Dutch Virologist Marion Koopmans announced Monday on public broadcaster NOS that four coronavirus reinfection cases had been confirmed in the Netherlands.

Erasmus MC, where she works, told Insider that the patient in question was elderly and had pre-existing conditions.

Wychgel said another Dutch reinfection case has been confirmed in a nursing home patient. The person developed a second coronavirus infection roughly two months after their first, and the patient is still alive today, Wychgel said. 

'The whole Hong Kong case put everything in a rush'

Dr. Jean Luc Murk, a clinical microbiologist in the southern Dutch city of Tilburg, saw the remaining two of the country's four confirmed cases of reinfection at his hospital. Both were in men over 60, and both reinfections were mild. The men are both still alive. He's hoping to submit papers about their cases to scientific journals at some point next week, but the writing and analysis are not quite ready yet.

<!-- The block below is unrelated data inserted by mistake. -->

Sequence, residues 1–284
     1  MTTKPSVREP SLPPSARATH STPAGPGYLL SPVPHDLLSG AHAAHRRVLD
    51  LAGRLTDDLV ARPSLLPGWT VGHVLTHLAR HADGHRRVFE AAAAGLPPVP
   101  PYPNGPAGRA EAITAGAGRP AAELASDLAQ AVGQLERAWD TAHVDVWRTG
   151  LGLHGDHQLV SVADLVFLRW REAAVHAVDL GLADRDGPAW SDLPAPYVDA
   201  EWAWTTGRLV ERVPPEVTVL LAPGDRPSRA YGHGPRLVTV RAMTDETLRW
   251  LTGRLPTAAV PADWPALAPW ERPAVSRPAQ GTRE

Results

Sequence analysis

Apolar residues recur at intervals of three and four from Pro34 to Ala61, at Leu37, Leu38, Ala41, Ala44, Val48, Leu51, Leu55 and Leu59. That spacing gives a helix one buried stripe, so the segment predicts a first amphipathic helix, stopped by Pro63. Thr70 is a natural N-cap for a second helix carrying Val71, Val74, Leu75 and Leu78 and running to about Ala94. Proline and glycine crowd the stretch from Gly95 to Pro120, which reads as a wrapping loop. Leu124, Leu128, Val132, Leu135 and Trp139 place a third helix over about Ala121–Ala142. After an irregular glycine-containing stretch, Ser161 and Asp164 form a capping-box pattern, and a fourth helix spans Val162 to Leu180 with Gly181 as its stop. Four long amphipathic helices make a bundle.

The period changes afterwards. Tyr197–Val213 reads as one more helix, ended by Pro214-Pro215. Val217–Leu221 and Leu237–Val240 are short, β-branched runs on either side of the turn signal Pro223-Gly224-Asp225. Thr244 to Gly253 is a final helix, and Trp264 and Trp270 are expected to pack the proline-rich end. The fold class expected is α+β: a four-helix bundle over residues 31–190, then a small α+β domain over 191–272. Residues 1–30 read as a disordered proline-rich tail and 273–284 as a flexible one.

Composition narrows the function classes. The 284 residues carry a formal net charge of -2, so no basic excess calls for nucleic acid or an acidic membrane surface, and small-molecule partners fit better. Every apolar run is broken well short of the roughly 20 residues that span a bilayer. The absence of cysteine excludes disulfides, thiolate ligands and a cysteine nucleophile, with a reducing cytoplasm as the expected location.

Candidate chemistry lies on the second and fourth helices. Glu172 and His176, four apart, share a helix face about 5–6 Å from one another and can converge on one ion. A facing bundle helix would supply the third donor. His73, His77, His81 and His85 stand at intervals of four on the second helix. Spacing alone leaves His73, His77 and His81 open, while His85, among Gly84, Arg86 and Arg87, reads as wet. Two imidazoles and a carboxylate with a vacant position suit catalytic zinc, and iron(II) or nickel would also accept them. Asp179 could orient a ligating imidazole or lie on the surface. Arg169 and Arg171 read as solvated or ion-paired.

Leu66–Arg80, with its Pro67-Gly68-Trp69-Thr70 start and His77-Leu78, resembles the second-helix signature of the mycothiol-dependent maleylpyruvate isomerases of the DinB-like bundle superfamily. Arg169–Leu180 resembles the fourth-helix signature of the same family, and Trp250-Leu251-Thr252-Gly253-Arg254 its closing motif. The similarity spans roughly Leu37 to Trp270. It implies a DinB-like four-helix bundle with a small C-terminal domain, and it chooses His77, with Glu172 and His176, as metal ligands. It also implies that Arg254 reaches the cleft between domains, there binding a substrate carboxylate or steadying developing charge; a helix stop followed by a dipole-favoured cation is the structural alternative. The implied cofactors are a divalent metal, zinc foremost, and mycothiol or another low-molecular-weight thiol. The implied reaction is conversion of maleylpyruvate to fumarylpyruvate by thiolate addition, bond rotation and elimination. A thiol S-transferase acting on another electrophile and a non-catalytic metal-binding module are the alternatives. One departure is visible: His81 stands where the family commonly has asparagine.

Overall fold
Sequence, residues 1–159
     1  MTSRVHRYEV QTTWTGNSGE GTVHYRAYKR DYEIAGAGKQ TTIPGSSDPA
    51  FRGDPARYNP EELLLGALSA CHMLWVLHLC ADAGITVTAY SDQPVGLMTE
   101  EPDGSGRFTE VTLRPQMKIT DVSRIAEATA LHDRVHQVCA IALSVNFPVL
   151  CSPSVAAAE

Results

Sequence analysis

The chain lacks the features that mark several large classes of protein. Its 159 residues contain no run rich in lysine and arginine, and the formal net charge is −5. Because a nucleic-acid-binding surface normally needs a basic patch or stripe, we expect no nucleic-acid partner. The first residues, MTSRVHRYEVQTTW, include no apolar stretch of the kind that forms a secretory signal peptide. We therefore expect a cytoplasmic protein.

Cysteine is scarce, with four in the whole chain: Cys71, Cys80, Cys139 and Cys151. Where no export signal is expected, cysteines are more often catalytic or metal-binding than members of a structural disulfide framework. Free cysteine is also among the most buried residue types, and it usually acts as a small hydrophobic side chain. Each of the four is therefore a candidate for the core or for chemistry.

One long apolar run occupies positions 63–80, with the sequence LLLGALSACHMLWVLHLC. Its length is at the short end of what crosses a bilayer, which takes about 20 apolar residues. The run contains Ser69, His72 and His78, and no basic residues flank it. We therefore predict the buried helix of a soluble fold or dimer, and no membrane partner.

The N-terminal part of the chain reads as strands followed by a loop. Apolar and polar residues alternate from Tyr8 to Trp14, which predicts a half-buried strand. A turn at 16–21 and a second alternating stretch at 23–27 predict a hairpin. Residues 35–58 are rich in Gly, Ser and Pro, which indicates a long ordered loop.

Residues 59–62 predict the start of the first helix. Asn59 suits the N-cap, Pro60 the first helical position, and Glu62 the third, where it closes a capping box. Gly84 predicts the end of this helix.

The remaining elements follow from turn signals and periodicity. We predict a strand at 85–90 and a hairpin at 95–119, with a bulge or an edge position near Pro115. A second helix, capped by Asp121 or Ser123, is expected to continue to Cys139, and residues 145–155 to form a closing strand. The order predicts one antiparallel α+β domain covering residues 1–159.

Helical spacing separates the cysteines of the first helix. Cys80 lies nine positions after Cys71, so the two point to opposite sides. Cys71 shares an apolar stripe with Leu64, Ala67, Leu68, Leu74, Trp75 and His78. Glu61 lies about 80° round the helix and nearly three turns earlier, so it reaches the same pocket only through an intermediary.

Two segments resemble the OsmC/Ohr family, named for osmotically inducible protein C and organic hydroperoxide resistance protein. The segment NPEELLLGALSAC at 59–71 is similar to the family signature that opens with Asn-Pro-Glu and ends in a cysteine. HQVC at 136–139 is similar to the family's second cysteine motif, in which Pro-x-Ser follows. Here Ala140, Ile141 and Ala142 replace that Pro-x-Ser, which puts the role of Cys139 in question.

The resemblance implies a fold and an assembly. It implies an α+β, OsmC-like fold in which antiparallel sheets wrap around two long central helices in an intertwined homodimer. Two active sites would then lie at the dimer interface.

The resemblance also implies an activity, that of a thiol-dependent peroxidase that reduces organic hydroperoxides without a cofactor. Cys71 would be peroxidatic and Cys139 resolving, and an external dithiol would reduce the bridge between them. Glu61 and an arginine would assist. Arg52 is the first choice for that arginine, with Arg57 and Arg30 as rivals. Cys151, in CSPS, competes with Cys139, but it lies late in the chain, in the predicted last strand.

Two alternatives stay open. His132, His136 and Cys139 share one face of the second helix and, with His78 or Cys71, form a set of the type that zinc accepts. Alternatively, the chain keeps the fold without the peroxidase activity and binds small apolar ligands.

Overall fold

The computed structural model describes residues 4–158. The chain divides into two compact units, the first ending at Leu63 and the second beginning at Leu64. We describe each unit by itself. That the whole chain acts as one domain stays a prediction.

"The whole Hong Kong case put everything in a rush," he told Insider on Wednesday. "We only began recently with the sequencing."

Because of Dutch privacy laws, Murk doesn't want to reveal too many details of the two cases he's researching publicly, but here's a glimpse at what the reinfections he saw were like: 

The first was an elderly patient who "needed a little bit of oxygen," Murk said, during his first course of infection in the spring, but he recovered well, and was able to be discharged quickly. Just weeks later, the man returned to the hospital. He was having some difficulty breathing, and "it appeared he had developed profuse diarrhea," Murk said. 

The patient tested positive again for Covid-19, the illness caused by the coronavirus, roughly three weeks after his initial diagnosis. 

"He had tested negative in between, but still, that is no reason to think of this as a second infection," Murk said. 

The doctor knew that people often test positive for Covid-19 for many weeks, months even, after an initial infection. It doesn't necessarily mean they have a second case, but rather that there might be some lingering dead virus in their body, or  that their first infection is still waning.

But in this case, national labs conducted genetic sequencing of both the man's first and second viral infections, and found "at least six nucleotides that were different between the two episodes."